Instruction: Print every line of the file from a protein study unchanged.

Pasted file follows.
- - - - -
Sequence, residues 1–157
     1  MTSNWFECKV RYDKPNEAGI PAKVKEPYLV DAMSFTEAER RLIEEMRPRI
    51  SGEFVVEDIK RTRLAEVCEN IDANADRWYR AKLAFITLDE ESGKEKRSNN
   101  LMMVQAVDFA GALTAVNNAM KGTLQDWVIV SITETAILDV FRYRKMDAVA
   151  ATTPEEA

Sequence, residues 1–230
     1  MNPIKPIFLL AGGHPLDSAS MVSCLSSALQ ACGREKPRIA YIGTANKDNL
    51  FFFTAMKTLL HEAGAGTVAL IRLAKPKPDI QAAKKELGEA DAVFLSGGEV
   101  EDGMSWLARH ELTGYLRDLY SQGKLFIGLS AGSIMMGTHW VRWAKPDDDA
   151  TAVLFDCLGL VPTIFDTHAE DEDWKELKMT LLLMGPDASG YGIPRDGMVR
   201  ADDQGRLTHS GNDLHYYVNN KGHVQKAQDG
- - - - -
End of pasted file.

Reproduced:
Sequence, residues 1–157
     1  MTSNWFECKV RYDKPNEAGI PAKVKEPYLV DAMSFTEAER RLIEEMRPRI
    51  SGEFVVEDIK RTRLAEVCEN IDANADRWYR AKLAFITLDE ESGKEKRSNN
   101  LMMVQAVDFA GALTAVNNAM KGTLQDWVIV SITETAILDV FRYRKMDAVA
   151  ATTPEEA

Sequence, residues 1–230
     1  MNPIKPIFLL AGGHPLDSAS MVSCLSSALQ ACGREKPRIA YIGTANKDNL
    51  FFFTAMKTLL HEAGAGTVAL IRLAKPKPDI QAAKKELGEA DAVFLSGGEV
   101  EDGMSWLARH ELTGYLRDLY SQGKLFIGLS AGSIMMGTHW VRWAKPDDDA
   151  TAVLFDCLGL VPTIFDTHAE DEDWKELKMT LLLMGPDASG YGIPRDGMVR
   201  ADDQGRLTHS GNDLHYYVNN KGHVQKAQDG